Top executives say a Green Party promise to put together a Cabinet of which half the members are women is misguided, as appointments need to be made on merit.
The Green's co-leader, James Shaw, told the Council of Trade Unions' biennial conference today that he wanted to take a stand against workplace inequality.
Only six of the National government's 20-strong Cabinet are women, which Mr Shaw said was no accident.
"No one seriously thinks that those guys are there because they're the best of the best, or that they've also got so much more merit than any female politicians," he said.
But Prime Minister John Key hit back at the assertion.
"If you're just simply saying that someone is selected as a Cabinet minister because of their gender, then you're doing a disservice to the women who are currently there, by implying that they're there as a token," he said. "We won't have a quota because they imply that the reason women get a job is because they're female."
Labour's Jacinda Ardern was cautious about the idea.
"Our starting point has always been making sure we've got the women who are in the position to move up the ranks. That goes right down to the women who are office holders, and then coming through the ranks into Parliament," she said.
"Once you're in Parliament, then obviously you're reliant on your caucus and your leader enforcing a meritocracy."
NZX figures show only 14 percent of directors in New Zealand are women, while Human Rights Commission data show female chief executives number less than a quarter.
Force not the way - accountants
But the head of Chartered Accountants New Zealand, Kirsten Patterson, said forcing the hand of employers would not fix anything.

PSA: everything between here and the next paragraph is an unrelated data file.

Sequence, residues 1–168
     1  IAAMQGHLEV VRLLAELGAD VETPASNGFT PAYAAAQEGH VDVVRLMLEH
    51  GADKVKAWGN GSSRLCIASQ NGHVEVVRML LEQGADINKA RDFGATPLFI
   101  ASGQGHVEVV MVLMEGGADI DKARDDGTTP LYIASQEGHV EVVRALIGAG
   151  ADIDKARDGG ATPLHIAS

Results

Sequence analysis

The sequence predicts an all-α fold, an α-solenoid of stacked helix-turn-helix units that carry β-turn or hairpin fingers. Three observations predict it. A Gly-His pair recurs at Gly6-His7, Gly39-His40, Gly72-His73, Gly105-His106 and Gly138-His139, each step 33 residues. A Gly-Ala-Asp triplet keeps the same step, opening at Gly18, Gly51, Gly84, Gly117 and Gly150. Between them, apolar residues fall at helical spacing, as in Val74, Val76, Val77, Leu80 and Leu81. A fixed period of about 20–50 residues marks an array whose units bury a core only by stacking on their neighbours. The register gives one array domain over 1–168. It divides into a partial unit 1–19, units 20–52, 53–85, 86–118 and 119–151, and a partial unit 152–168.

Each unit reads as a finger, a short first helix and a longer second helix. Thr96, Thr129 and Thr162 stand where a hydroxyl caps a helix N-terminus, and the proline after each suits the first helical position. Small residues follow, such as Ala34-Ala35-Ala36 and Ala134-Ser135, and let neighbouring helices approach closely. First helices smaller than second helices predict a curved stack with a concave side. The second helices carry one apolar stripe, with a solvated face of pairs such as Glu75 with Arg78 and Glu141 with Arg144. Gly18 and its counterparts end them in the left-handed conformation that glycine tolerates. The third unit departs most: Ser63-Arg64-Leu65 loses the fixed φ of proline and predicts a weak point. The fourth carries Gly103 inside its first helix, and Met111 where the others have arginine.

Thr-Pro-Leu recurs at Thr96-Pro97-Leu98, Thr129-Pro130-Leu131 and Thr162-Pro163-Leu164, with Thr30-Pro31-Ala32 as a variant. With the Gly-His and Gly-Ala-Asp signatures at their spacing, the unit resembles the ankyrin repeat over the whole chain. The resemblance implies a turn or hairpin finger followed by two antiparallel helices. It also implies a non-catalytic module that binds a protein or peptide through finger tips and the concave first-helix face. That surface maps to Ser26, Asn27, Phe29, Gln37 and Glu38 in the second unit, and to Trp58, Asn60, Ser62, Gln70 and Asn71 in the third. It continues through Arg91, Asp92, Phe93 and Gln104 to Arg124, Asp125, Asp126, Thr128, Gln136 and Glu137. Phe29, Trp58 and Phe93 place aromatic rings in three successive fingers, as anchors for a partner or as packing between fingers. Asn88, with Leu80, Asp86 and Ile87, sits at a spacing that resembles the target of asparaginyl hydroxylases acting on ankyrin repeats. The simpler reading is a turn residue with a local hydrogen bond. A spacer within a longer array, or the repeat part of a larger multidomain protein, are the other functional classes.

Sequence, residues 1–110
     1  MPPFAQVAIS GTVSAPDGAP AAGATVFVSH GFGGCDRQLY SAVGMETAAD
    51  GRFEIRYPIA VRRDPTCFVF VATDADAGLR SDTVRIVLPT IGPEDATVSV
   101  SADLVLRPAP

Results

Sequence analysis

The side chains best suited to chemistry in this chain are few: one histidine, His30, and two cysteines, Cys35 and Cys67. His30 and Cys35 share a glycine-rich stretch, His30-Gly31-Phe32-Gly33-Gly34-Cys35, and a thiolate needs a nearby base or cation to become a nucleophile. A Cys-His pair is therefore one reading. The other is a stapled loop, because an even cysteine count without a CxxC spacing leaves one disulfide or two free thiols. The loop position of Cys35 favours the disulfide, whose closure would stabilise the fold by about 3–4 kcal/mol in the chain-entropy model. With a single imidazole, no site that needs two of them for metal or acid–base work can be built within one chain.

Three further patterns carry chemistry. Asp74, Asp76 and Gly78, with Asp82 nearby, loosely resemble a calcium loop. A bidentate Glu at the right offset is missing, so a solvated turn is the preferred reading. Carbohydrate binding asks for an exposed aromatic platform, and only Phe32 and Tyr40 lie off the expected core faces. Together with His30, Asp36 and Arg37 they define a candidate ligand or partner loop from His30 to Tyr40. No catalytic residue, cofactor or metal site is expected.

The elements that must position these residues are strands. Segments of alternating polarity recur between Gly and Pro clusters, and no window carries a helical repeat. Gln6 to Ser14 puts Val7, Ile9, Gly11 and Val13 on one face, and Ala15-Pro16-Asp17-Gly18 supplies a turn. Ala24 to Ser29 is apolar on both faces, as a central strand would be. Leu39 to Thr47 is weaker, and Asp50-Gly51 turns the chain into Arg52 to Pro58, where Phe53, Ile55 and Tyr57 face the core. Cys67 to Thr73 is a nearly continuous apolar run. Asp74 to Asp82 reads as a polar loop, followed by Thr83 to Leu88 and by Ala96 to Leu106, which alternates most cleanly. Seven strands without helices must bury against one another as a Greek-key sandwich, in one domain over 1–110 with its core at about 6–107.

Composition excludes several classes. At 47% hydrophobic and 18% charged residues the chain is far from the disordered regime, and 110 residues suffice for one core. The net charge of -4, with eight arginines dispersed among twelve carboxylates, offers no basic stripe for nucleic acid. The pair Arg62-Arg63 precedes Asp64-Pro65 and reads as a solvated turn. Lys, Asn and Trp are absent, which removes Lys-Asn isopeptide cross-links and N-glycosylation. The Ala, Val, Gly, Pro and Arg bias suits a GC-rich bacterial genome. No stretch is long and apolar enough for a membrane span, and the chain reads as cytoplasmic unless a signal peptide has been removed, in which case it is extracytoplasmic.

"You can't say you've reached equality if you've had to enforce a system for equality to occur," she said.
"We'll only truly get to equality if the systems are changed to the extent that people are appointed on merit across a wide range of characteristics."
The chief executive of the Institute of Directors, Simon Arcus, said quotas were only a cosmetic fix, and unconscious bias wasn't just about gender.
"We need to widen what the issue of diversity actually is - what about your religion, your race, your sexuality, or your age?" he said.
"We aren't malicious about those biases, but we naturally gravitate towards people who are like us."
He said quotas could exacerbate the problem.
"In the world of company directors, I've never met a female senior manager who would be happy being appointed because of their gender - because they believe in their ability," he said.
Remove bias by removing names from CVs
"The way in which change is being adopted overseas is by using intervention points, not by doing training on an unconscious bias, which can actually have a negative effect.
"What employers are asked is whether they're removing candidates' names from CVs when considering their merits. These proactive policies have far more impact and we need to get similarly creative in New Zealand."
Ms Patterson said the problem went beyond the cliche of the old, sexist white man.
"All of us have unconscious bias and in some circumstances, female senior executives show a stronger predetermination towards male candidates," she said. "Areas where organisations make a hard approach and commit to doing work in this space and backing it up with actions are where we think we can make the difference."
But Mr Shaw remained staunch on his plan for equality.
He said Mr Key's assertion that the current Cabinet - which is 70 percent male - was appointed by merit showed the Prime Minister doesn't believe women have as much merit as men.
The Council of Trade Unions has backed the quota and said the Greens were leading the way by guaranteeing equal representation.